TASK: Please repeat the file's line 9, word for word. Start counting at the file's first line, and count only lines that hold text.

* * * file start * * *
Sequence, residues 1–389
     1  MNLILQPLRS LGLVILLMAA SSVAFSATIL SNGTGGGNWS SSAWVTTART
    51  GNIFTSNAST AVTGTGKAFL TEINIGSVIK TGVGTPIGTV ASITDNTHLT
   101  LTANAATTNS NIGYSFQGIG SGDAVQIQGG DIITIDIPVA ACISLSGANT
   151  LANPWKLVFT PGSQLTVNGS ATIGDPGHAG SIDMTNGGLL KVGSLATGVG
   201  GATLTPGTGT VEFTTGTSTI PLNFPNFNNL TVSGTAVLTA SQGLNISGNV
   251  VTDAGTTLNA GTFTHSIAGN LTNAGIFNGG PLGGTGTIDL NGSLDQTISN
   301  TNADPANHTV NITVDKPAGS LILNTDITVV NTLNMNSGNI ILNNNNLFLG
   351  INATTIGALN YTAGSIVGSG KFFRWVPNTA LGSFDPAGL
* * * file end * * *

   351  INATTIGALN YTAGSIVGSG KFFRWVPNTA LGSFDPAGL